Myths of Babylonia and Assyria
Page: 256Tyre was besieged, but was not captured. Its king, however, arranged terms of peace with Nebuchadrezzar.
Amel-Marduk, the "Evil Merodach" of the Bible, the next king of Babylon, reigned for a little over two years. He released Jehoiachin from prison, and allowed him to live in the royal palace. Berosus relates that Amel-Marduk lived a dissipated life, and was slain by his brother-in-law, Nergal-shar-utsur, who reigned two years (559-6 B.C.). Labashi-Marduk, son of Nergal-shar-utsur, followed with a reign of nine months. He was deposed by the priests. Then a Babylonian prince named Nabu-na´id (Nabonidus) was set on the throne. He was the last independent king of Babylonia. His son Belshazzar appears to have acted as regent during the latter part of the reign.
Nabonidus engaged himself actively during his reign (556-540 B.C.) in restoring temples. He entirely reconstructed the house of Shamash, the sun god, at Sippar, and, towards the end of his reign, the house of Sin, the moon god, at Haran. The latter building had been destroyed by the Medes.
The religious innovations of Nabonidus made him exceedingly unpopular throughout Babylonia, for he carried away the gods of Ur, Erech, Larsa, and Eridu, and had them placed in E-sagila. Merodach and his priests were displeased: the prestige of the great god was threatened by the policy adopted by Nabonidus. As an inscription composed after the fall of Babylon sets forth; Merodach "gazed over the surrounding lands ... looking for a righteous prince, one after his own heart, who should take his hands.... He called by name Cyrus."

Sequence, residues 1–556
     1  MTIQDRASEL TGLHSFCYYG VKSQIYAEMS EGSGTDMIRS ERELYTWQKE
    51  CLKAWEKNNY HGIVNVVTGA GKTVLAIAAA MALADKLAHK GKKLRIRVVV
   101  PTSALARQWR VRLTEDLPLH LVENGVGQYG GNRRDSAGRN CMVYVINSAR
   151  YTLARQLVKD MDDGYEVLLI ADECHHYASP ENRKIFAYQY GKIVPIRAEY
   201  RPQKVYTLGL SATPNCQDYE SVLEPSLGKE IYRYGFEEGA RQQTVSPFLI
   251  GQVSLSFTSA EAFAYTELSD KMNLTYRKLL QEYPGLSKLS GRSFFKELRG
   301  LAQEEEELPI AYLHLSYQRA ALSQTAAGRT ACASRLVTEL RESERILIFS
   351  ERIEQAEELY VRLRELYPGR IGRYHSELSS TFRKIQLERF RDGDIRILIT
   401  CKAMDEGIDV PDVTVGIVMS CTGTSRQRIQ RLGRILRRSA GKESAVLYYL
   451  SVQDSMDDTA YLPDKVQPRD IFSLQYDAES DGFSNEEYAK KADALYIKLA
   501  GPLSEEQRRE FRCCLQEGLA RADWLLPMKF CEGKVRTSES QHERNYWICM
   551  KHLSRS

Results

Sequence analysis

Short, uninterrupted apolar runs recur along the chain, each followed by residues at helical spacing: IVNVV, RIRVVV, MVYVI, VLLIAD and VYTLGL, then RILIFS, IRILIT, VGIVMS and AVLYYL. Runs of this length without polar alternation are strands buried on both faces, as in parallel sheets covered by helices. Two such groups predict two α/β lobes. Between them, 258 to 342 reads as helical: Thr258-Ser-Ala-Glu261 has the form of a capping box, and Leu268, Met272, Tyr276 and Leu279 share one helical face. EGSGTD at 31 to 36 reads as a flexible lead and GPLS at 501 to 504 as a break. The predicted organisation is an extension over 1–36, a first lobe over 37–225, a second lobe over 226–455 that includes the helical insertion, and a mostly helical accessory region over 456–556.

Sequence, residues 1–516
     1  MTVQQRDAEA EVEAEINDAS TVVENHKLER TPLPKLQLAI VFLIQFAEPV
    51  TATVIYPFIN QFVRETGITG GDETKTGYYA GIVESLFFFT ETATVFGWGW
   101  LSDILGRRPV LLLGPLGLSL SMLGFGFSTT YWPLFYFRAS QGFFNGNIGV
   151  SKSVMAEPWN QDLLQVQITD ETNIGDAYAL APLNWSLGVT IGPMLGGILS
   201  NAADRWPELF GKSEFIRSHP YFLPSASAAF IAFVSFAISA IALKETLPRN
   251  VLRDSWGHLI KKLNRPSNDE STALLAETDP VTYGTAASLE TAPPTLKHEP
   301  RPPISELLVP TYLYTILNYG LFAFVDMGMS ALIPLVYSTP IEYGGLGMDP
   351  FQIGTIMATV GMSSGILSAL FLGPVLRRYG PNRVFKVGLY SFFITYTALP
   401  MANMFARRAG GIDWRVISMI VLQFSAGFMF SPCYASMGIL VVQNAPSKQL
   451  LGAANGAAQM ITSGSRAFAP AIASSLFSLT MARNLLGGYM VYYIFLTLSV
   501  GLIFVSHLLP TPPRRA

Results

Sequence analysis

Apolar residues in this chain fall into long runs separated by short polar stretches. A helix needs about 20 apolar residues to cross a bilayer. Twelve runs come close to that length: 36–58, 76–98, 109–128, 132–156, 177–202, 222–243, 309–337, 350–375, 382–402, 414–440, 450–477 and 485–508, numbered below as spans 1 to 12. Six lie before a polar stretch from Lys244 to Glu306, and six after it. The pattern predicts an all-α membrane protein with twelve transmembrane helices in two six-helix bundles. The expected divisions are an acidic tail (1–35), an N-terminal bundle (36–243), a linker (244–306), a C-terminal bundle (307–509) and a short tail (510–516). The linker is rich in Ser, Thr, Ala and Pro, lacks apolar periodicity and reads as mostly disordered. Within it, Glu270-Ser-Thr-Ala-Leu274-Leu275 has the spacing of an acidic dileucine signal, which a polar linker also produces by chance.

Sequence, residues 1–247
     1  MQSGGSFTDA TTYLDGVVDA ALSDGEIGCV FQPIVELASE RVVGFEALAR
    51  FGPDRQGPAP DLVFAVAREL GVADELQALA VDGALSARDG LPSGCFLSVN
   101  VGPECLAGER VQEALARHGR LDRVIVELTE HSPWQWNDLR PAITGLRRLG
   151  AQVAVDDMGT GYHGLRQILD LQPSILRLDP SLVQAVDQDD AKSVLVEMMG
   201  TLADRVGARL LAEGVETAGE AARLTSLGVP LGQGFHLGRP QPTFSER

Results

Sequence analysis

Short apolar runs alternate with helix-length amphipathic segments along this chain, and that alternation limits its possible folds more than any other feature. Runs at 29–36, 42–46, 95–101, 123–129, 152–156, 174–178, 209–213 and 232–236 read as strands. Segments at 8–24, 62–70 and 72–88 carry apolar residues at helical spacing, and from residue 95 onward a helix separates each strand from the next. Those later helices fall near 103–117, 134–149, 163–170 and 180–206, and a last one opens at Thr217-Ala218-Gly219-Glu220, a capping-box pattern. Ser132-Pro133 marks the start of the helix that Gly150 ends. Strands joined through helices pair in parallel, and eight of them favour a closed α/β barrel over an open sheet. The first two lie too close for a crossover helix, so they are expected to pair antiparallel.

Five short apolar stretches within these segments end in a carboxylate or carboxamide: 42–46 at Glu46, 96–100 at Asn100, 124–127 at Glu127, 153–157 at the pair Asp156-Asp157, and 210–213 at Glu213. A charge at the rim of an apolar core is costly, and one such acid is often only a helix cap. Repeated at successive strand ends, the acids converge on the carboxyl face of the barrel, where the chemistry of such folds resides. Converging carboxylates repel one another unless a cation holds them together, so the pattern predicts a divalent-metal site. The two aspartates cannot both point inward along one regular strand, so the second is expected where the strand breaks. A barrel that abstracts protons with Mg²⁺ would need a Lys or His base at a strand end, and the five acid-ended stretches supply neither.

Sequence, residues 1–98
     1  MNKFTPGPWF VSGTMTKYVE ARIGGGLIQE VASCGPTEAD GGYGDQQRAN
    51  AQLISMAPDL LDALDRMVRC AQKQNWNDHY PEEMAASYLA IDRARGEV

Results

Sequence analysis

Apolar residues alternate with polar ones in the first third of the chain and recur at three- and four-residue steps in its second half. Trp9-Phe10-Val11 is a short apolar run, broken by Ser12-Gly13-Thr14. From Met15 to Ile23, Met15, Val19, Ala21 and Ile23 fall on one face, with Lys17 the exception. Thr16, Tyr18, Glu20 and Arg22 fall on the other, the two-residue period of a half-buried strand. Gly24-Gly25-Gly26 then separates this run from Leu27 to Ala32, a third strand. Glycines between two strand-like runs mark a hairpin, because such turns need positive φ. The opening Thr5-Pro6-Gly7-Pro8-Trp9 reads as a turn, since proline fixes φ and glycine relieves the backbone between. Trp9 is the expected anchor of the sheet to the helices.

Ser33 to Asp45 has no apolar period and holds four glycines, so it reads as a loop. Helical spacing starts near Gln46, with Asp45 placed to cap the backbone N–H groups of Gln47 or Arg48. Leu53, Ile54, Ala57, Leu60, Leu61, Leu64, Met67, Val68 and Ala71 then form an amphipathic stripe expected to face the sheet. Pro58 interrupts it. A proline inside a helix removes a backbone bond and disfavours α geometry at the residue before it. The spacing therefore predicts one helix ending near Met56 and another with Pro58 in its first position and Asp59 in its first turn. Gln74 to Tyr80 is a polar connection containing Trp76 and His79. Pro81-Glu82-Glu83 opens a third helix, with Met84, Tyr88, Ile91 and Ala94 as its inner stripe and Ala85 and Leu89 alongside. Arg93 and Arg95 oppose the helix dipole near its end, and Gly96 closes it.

Cyrus was a petty king of the shrunken Elamite province of Anshan, which had been conquered by the Persians. He claimed to be an Achaemenian--that is a descendant of the semi-mythical Akhamanish (the Achaemenes of the Greeks), a Persian patriarch who resembled the Aryo-Indian Manu and the Germanic Mannus. Akhamanish was reputed to have been fed and protected in childhood by an eagle--the sacred eagle which cast its shadow on born rulers. Probably this eagle was remotely Totemic, and the Achaemenians were descendants of an ancient eagle tribe. Gilgamesh was protected by an eagle, as we have seen, as the Aryo-Indian Shakuntala was by vultures and Semiramis by doves. The legends regarding the birth and boyhood of Cyrus resemble those related regarding Sargon of Akkad and the Indian Karna and Krishna.
Cyrus acknowledged as his overlord Astyages, king of the Medes. He revolted against Astyages, whom he defeated and took prisoner. Thereafter he was proclaimed King of the Medes and Persians, who were kindred peoples of Indo-European speech. The father of Astyages was Cyaxares, the ally of Nabopolassar of Babylon. When this powerful king captured Nineveh he entered into possession of the northern part of the Assyrian Empire, which extended westward into Asia Minor to the frontier of the Lydian kingdom; he also possessed himself of Urartu (Armenia). Lydia had, after the collapse of the Cimmerian power, absorbed Phrygia, and its ambitious king, Alyattes, waged war against the Medes. At length, owing to the good offices of Nebuchadrezzar of Babylon and Syennesis of Cilicia, the Medes and Lydians made peace in 585 B.C. Astyages then married a daughter of the Lydian ruler.